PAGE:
Joy, Faith, Hope

IMG_1446“To live is Christ and to die is gain.”

I wrote back in December, “This is the Christian life. Joy and sorrow. The Lord gives, and the Lord takes away, blessed be the name of the Lord…I know that God has good things in store for us. The Lord is faithful.”  In some sense, this paragraph has set the tone for this blog, and for me in life, since.  I’ve been seeing life now through the lens of mercies and joys in the context of our Christian faith, and it has been incredibly helpful to me.  And it’s true: Lutherans are very focused on the Cross of Christ, the theology of the Cross.  We don’t claim to have all the answers to the questions of why, but what we do know is Christ suffered and died for us.  He is with us always, and comes to be with us, to comfort us, and to strengthen us in His Word and Sacraments.  The Christian life is not a life of unending joy and glory.  Rather, it is a life of joy through tears, of faith through suffering, of hope of the life to come.

We have been rejoicing because we have a new pastor.  God brought us a very faithful man.  We issued a call to him, and he recently accepted.  (Our vacancy pastor Sunday was amazed that we have a new pastor after only one call–apparently a little rare around here!) We needed a pastor after Pastor Matt left, and we happened to enter the call process just as this pastor and his family were re-entering the U.S. from two years in the mission field.  In hindsight, I can see how God had His hand right over us, guiding us towards our new pastor and guiding our new pastor to us, at so many points during the call process.  Of course we know He did, it is a Divine Call, but when you’re in the midst of so much going on, nothing seems certain except that the Lord is faithful.  And He was!

At the same time this was happening, a few weeks ago, a pastor that we know in San Diego lost his oldest son in a tragic car accident.  His son was only 17.  I consider this pastor to be a friend–more than that, a brother in Christ.  We’ve talked several times: at convocations, Lenten services, a Higher Things conference, and at various Lutheran school activities.  So poignantly, his son’s death came shortly after our community of confessional Lutherans came together,  discussed, worshiped, and communed our Lord in an amazingly beautiful Divine Service at our latest Catechism Convocation.  It was as if the Lord was strengthening this pastor in Himself, surrounding him with community, and unifying us to support him in what was to come.  I saw several of the pastors from the Convocation there Sunday at the funeral.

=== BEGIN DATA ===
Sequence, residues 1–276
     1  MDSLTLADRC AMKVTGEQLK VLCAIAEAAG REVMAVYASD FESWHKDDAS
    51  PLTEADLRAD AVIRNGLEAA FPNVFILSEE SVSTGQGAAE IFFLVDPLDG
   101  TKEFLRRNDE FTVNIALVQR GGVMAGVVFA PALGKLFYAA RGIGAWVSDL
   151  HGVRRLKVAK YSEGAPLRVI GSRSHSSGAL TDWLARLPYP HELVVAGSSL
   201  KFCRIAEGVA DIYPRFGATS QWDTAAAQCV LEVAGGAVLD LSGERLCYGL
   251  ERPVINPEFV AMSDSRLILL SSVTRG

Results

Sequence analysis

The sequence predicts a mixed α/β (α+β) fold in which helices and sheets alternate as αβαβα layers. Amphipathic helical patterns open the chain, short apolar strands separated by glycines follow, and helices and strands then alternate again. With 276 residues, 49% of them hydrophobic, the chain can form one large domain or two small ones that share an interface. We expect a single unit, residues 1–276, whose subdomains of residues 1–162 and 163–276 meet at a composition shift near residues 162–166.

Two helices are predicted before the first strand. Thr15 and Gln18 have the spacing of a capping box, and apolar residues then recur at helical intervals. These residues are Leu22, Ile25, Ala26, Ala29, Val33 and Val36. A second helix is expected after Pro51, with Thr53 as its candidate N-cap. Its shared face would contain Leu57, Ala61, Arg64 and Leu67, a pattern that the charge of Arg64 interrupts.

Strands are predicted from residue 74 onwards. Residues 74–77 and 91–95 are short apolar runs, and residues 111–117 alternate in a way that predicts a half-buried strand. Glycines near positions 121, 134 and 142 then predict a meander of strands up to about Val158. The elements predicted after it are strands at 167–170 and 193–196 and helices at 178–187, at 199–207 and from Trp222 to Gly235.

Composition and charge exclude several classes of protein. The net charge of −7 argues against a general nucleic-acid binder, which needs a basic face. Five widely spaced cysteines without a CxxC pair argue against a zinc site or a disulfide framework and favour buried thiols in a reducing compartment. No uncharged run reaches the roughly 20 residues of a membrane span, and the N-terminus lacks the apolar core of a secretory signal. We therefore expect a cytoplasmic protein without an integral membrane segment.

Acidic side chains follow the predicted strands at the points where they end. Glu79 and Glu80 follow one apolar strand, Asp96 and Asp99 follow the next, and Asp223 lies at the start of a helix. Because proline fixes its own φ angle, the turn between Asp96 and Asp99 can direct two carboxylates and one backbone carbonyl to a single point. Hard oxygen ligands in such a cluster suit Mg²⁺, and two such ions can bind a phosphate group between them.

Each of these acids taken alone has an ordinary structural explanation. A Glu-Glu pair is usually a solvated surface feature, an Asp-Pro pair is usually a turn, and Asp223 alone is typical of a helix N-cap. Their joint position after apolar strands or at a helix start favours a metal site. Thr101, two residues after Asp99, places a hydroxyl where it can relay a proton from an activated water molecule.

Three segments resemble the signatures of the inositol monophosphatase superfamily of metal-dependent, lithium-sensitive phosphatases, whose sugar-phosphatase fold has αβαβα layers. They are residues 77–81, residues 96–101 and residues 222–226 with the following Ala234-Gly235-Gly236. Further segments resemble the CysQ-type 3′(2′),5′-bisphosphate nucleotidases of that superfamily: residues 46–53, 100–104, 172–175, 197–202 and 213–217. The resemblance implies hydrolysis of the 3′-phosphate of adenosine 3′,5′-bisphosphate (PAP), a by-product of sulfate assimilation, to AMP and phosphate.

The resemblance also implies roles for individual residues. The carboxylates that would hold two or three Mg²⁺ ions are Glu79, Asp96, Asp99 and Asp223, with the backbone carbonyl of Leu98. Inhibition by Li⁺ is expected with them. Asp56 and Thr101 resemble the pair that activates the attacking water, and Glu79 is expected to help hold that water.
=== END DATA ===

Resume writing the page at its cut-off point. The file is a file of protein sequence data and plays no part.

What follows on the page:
In another twist of the story, our new pastor went to high school with the pastor who lost his son.  Since he’s not yet installed at our church, our pastor went and ministered to them at their church for two Sundays.  God brought these two old friends back together at just the right time. For God does not leave anyone alone:

The Lord will keep you from all evil;
he will keep your life.
The Lord will keep
your going out and your coming in
from this time forth and forevermore
(from Psalm 121)

Sunday, at Pastor’s son’s funeral, I felt so encouraged and hopeful.  This was a funeral where Christ crucified and risen was proclaimed in almost every sentence.  I mourned with my brothers and sisters in Christ, and yet I also rejoiced for all the people who heard the message of Christ. I rejoiced because death cannot separate us from the love of God in Christ Jesus  (Romans 8).  While death is a sad parting in this life, in Christ it is only temporary.  As this pastor said, “we will see him again.”

Throughout all of this, the paradox of the Christian life has been playing out before my very eyes: joy through tears, faith through suffering, hope of the life to come.  I am comforted because God blesses all of it, uniting us in the Christian life, in rejoicing and mourning.  We are one united family in Him, for God does not leave anyone alone.

A Lesson in Failure

“Carry each other’s burdens, and in this way you will fulfill the law of Christ.” Galatians 6:2 (NIV)

Many of us look back in life and realize that we’ve failed in some way or another.  When I was a new RN, I worked at a hospital in St. Paul, MN, on the medical/surgical floor.  It was a great job.  There was so much variety in patients, so many new things to learn, and the other nurses were so supportive and helpful to me.  We had nurses on that floor who had been there twenty years, which is unusual.

I made my share of rookie mistakes.  More than once during my initial training, I took out a patient’s IV before he had his last dose of antibiotic, and the other nurses always helped me through that mistake.  Usually the charge nurse would call the doctor and say that the IV came out, and would he like to order oral antibiotics instead?  It was a great learning environment.  I learned how to handle six patients at a time, how to do lots of technical things, including feeding tubes, IVs, and tracheal suctioning, how to give so many medications–shots, IV, everything.  I learned how to clean up messes and bathe patients in bed.  But they never really taught us how to help someone through the dying process.  The hospital had a hospice floor; that was the floor for dying, not med/surg.